There's an example staring at you in the face: write a function that takes two arguments
b and returns the sum of the integers from 0 to
Here's another example: write a function that returns the last element of a list, or a special value if the list is empty.
let rec last l =
match l with
|  -> None
| [x] -> Some x
| h::t -> last t
Here's another example, in an imperative language: apply a function to all the elements of a list, in order, without returning a value.
let rec iter f l =
match l with
|  -> ()
| h::t -> f h; iter f t
So you can see that tail-recursive don't have to take an extra argument. However, taking an extra argument is a common pattern, and there is a deep reason for that.
A common reason to write a recursive function is to traverse a recursive data structure. For example, the list data structure is defined recursively: a list is either the empty list (“nil”), or a pair (“cons”) consisting of an element (“head”) and a list (“tail”). In Ocaml syntax:
type list_of_foo = Foo_nil | Foo_cons foo * list_of_foo;; (* Foo_cons (head, tail) *)
To act on a list, you need to specify what to do on the empty list, and what to do on a non-empty list. To traverse the whole list with a function, you make a recursive call to process the tail in the case of a non-empty list. A generic list traversal is called a fold. Writing a recursive function is one way to write a fold; another way is to call a generic
fold function and tell it what to do with nil and what to do with a cons (as a function of the head and the result of processing the tail of the list).
This generalizes to all recursive data structures. A particularity of lists is that there's never more than one sub-list, so the call to process the tail can be a tail call. Contrast with a binary tree, for example:
type btree = Leaf of int | Node of btree * btree
To process a
btree, when you reach a
Node, you need to process both the first subtree (left child) and the second subtree (right child). They can't both be tail calls. But with lists, the one recursive call can be a tail call.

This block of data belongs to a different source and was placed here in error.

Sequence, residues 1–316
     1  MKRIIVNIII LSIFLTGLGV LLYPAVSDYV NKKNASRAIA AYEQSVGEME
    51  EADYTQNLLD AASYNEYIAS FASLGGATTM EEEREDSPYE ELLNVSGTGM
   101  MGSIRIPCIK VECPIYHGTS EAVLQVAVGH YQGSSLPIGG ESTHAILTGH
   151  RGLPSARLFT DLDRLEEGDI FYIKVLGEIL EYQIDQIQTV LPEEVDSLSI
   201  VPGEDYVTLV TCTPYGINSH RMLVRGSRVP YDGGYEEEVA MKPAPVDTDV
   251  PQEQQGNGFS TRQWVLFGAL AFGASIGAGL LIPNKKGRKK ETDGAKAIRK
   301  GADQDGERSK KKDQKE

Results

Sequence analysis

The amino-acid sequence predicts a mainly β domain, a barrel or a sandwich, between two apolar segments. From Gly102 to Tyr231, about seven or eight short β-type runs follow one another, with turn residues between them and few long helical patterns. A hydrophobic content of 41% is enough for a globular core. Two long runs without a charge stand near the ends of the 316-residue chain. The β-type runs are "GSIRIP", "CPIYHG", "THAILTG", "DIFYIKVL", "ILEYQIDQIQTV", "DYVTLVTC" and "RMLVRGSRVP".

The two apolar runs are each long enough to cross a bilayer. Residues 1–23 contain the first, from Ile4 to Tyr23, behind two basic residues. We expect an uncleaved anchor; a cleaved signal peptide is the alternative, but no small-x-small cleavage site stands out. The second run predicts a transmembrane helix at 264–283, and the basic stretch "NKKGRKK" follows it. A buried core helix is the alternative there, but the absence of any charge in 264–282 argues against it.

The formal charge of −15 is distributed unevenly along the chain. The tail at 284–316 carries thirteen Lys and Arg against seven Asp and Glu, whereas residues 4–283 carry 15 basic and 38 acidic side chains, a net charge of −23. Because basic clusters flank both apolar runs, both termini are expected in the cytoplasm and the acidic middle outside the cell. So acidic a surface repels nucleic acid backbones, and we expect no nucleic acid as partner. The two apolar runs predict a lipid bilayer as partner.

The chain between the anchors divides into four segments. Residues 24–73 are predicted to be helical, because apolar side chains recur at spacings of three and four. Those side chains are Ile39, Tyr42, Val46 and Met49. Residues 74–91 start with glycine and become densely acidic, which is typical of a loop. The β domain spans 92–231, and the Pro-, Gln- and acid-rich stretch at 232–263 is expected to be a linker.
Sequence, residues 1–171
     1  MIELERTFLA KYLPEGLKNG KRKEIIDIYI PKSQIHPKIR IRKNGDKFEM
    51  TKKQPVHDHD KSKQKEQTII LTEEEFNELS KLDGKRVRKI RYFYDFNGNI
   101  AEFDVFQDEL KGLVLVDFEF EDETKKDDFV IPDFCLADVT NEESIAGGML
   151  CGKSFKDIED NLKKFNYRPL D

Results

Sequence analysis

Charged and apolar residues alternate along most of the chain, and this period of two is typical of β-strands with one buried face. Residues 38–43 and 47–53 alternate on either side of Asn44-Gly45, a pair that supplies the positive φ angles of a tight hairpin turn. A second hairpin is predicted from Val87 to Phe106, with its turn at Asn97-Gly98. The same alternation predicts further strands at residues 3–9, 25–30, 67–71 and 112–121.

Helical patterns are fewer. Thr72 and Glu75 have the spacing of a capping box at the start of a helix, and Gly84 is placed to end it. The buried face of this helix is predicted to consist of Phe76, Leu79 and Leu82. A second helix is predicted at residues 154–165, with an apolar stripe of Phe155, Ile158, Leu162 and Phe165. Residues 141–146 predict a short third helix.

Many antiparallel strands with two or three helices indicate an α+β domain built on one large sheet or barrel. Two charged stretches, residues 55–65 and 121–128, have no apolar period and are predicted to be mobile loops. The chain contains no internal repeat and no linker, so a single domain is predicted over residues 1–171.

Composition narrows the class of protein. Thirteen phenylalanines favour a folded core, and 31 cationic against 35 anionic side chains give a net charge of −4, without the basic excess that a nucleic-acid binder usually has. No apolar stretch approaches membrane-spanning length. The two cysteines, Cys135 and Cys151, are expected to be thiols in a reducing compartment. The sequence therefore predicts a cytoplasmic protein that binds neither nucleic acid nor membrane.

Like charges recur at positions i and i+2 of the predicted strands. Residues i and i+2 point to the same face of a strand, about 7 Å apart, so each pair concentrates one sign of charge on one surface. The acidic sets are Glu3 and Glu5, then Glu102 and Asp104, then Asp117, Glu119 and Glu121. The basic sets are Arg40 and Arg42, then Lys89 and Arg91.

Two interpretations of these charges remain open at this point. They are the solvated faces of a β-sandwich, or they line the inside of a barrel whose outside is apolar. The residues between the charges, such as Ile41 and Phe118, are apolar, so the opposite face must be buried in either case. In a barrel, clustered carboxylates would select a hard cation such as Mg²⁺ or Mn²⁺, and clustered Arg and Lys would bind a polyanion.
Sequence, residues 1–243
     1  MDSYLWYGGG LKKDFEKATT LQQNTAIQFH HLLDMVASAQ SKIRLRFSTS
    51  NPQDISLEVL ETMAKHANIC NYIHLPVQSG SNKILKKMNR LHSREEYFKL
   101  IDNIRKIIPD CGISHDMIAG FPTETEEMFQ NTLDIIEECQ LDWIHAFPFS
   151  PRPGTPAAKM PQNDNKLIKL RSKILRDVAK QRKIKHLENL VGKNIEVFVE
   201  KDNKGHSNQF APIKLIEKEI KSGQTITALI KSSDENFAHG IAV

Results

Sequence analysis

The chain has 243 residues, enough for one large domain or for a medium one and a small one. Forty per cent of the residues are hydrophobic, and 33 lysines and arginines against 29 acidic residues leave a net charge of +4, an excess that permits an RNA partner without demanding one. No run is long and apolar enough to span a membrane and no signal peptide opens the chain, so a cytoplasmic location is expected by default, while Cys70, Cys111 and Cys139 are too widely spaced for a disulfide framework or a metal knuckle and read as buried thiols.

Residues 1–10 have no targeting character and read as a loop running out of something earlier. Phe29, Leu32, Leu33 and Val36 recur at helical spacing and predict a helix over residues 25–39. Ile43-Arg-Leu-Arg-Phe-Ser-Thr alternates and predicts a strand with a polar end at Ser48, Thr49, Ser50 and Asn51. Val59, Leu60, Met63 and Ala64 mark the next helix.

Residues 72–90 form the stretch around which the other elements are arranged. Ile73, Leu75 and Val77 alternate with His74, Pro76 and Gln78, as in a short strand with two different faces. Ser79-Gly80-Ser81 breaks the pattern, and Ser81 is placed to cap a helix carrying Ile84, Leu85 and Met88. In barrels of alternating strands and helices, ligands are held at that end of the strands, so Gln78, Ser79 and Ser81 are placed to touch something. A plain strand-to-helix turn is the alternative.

Integers don't look much like a data structure. But in fact recursion on an integer is typically based on the structure of integers. For example, when you recurse by enumerating integers from 0 to
n or from
n to 0 (or 1 to
n, etc.), you're using the structure provided by the Peano axioms: an integer is either 0 or the successor of an integer.
So you have a recursive function which takes a data structure as an argument. It makes a recursive call, calling itself on a sub-structure of the original data. What does it return? If the recursive call is a tail call, what it returns has to be the value returned in a case where the function doesn't make a recursive call. Often, that's the “starting” case, e.g. 0 for a function that recurses on an integer or the empty list for a function that recurses on a list. What can you return in the starting case? If you return a constant, that's not very interesting. If you want to return something that depends on information collected from the data structure, you need to pass this information through the tail calls. And that's where the extra argument comes from. A tail-recursive function needs an extra argument (in addition to the data structure that it recurses over) to collect data read from the data structure.
In the starting case, you often do want to return a constant. Hence you write a pair of functions: a tail-recursive functions with two arguments (the data structure to traverse and the accumulator), which returns the accumulator when it reaches the end of the data; and an auxiliary function just to give an initial value to the accumulator. This corresponds to the initial value argument for